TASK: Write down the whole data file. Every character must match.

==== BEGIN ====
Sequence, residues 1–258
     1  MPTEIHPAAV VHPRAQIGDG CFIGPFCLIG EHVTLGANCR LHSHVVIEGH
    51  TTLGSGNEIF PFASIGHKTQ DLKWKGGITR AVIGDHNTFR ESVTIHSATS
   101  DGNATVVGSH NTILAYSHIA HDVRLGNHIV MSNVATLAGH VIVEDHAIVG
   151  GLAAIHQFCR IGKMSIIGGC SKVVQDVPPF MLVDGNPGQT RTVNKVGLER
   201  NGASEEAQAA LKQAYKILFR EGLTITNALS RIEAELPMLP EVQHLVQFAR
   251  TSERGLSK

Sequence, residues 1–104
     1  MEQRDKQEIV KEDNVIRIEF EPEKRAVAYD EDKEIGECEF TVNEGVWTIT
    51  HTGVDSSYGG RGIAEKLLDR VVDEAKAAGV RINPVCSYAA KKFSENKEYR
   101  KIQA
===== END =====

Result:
Sequence, residues 1–258
     1  MPTEIHPAAV VHPRAQIGDG CFIGPFCLIG EHVTLGANCR LHSHVVIEGH
    51  TTLGSGNEIF PFASIGHKTQ DLKWKGGITR AVIGDHNTFR ESVTIHSATS
   101  DGNATVVGSH NTILAYSHIA HDVRLGNHIV MSNVATLAGH VIVEDHAIVG
   151  GLAAIHQFCR IGKMSIIGGC SKVVQDVPPF MLVDGNPGQT RTVNKVGLER
   201  NGASEEAQAA LKQAYKILFR EGLTITNALS RIEAELPMLP EVQHLVQFAR
   251  TSERGLSK

Sequence, residues 1–104
     1  MEQRDKQEIV KEDNVIRIEF EPEKRAVAYD EDKEIGECEF TVNEGVWTIT
    51  HTGVDSSYGG RGIAEKLLDR VVDEAKAAGV RINPVCSYAA KKFSENKEYR
   101  KIQA